It has been shown that PARP1 activity has a circadian rhythm in normal mouse cells . In order to investigate the role of PARP1 in NTP-induced genotoxicity in normal cells, which could provide insight into minimizing side-effects to normal tissues during NTP treatment, we employed mouse embryonic fibroblasts that had a functional circadian clock (WT-MEF) and a nonfunctional clock due to the loss of the core clock components cryptochrome 1 and 2 (CRYDKO-MEF). To generate a circadian rhythm of gene expression in fibroblasts, we used the forskolin-induced synchronization method as previously described . As shown in Figure 6A, forskolin treatment generated a robust circadian oscillation of a clock-controlled gene BMAL1 as a readout for clock activity in WT-MEF, but not in CRYDKO-MEF. Importantly, we found that PARP1 activity deduced from total PAR levels showed a circadian rhythm in WT-MEF but not in CRYDKO-MEF, whereas PARP1 protein levels remained unchanged (Figure 6B). To determine whether clock activity affected PARP1 activity during plasma treatment, the cells were treated with NTP or NTPO at ZT08 (ZT0: zeitgeber time 0 at the time of forskolin treatment) and at ZT20 when the PAR signal was maximal and minimal, respectively, during forskolin-induced circadian synchronization (Figure 6C). In WT-MEF, approximately 5-fold more cells exhibited PAR positivity at ZT08 than at ZT20, whereas differential circadian PARP1 activity following NTP or NTPO treatment was not detected in CRYDKO-MEF, which exhibited an equivalent number of PAR-positive cells regardless of the ZTs (Figure 6D). Accordingly, cell viability following NTP or NTPO treatment revealed fewer apoptotic cells at ZT08 than at ZT20 in WT-MEF (Figure 7A and 7B), whereas the number of apoptotic cells in CRYDKO-MEF was similar between the cells treated with NTP or NTPO at ZT08 and at ZT20. These results indicated that patients’ circadian rhythm needs to be considered during NTP or NTPO treatment in order to minimize the side-effects from normal cell damage. Collectively, our results suggested that NTP- or NTPO-induced DNA damage activated ATR-mediated cell-cycle checkpoints and the PARP1-dependent repair pathway, as well as provided an implication for chronoplasma therapy.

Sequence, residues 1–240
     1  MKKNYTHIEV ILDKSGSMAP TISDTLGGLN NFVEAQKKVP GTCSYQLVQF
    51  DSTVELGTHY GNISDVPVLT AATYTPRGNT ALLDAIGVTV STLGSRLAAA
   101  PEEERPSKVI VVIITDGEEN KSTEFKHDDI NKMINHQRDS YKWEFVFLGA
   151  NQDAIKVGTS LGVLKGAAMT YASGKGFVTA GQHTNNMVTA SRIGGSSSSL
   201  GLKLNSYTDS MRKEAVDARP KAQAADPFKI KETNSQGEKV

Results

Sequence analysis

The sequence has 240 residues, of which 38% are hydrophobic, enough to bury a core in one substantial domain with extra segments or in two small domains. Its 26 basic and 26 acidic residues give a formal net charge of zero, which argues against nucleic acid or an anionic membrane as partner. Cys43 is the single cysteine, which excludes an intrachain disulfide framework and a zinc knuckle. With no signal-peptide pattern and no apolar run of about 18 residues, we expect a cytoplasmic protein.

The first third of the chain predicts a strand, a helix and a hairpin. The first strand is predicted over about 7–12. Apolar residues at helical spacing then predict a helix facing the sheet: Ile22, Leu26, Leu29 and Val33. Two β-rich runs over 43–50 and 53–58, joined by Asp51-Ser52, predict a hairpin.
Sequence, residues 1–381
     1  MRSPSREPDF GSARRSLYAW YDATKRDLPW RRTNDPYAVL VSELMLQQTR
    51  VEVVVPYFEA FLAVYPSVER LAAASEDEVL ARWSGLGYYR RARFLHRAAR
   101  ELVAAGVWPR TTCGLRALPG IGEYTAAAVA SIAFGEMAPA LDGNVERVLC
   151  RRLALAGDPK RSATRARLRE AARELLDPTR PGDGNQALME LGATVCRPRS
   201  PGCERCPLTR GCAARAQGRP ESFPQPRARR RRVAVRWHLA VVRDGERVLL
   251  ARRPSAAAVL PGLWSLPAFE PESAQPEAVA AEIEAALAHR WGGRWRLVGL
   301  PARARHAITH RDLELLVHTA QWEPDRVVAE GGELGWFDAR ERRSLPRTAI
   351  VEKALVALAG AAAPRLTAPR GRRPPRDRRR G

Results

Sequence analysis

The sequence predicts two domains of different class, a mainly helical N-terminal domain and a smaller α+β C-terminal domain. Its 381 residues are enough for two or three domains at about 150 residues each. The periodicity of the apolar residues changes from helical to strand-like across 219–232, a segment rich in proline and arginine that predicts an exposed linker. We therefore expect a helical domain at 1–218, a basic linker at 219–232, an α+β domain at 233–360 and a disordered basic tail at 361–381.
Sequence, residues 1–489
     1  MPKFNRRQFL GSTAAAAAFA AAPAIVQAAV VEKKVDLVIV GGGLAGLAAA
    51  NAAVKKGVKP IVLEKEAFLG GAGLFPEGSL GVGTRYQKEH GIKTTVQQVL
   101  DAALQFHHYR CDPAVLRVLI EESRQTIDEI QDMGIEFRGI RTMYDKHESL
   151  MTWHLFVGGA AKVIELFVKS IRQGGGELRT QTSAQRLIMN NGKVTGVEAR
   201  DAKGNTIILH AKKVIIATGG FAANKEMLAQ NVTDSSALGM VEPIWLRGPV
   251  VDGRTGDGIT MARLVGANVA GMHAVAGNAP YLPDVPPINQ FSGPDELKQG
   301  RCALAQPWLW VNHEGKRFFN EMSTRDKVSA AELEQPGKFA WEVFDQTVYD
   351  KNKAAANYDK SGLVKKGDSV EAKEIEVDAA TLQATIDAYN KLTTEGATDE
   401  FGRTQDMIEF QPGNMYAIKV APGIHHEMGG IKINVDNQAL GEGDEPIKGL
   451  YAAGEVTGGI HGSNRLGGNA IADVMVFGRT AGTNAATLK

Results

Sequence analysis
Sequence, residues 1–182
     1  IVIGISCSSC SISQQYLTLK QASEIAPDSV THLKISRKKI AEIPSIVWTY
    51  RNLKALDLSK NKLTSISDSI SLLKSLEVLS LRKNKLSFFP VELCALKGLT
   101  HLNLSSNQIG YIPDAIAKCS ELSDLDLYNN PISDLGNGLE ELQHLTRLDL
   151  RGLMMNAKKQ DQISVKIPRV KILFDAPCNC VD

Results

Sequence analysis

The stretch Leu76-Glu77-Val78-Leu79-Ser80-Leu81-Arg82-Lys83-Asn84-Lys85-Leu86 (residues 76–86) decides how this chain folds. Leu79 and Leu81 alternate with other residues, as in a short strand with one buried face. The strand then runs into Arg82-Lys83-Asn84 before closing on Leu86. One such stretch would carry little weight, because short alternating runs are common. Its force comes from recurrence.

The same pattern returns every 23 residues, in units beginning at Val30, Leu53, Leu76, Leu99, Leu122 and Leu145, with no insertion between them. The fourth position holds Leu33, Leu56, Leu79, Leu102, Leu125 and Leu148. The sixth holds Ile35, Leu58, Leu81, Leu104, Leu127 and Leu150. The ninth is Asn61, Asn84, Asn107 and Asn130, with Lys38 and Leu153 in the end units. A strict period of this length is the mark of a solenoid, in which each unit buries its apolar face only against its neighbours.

Figure 6: Circadian oscillation of PARP1 activity in normal fibroblasts. (A, B) Protein levels from forskolin-induced circadian-synchronized WT-MEF and CRYDKO-MEF were analyzed by western blotting with the indicated antibodies. (C) Quantitative analysis of poly-ADP-ribose (PAR) levels measured in (B). Data points represent averages from three independent experiments. (D) Immunofluorescence of poly-ADP-ribose (PAR) after plasma treatment in forskolin-induced circadian-synchronized WT-MEF and CRYDKO-MEF. Nuclei were counterstained with Hoechst dye and depicted as dotted lines. Bars and error bars represent the mean ± SD from three independent experiments (* = p < 0.05; ** = p < 0.01).
Figure 7: PARP1 activity dictates circadian toxicity of NTP and NTPO in normal cells. (A, B) WT-MEF and CRYDKO-MEF cells exposed to either NTP or NTPO at the indicated ZTs were analyzed for cleaved-caspase 3 (A) and TUNEL signal (B). Bars and error bars represent the mean ± SD from three independent experiments (* = p < 0.05; ** = p < 0.01).
To improve the therapeutic efficacy of NTP during cancer treatment, we investigated NTP and NTPO-induced DDR, including cell-cycle checkpoints, DNA repair, and apoptosis. Our results indicated that NTP or NTPO treatment in human cancer cells could induce ATR-mediated cell-cycle checkpoints and PARP1-dependent DNA repair. Therefore, the apoptotic efficiency of NTP could be enhanced when it is combined with either ATR or a PARP1 inhibitor. It has been shown that targeting the ATR pathway is a promising strategy for cancer therapy . In fact, ATR inhibitors are undergoing clinical trials in combination with DNA-damaging chemotherapy and ionizing radiation [21, 22]. PARP inhibition, which impairs DNA repair activity, has been exploited as an anticancer strategy to increase the cytotoxicity of chemotherapeutics and radiotherapy [23–25]. Several clinical trials are in progress for the treatment of breast and ovarian cancers, and the PARP inhibitor olaparib (AZD2281) has recently been approved for the treatment of advanced ovarian cancers . As well, NTP can easily be applied to superficial cancers such as skin and breast cancer. Endoscopic NTP is currently under development as a means to reduce the barriers to NTP target cancers and could eventually be applied in the treatment of almost every cancer type, including cancers that originate internally . Compared to radiation therapy, which primarily derives its efficacy by efficiently generating double-strand DNA breaks as well as high mutational rates, NTP produces single-strand DNA breaks with moderate efficiency and lower mutational rates. Therefore, based on our findings, a combinatorial regimen targeting ATR and PARP1 pathways during NTP treatment might have the potential for development as an enhanced cancer therapy with favorable therapeutic responses.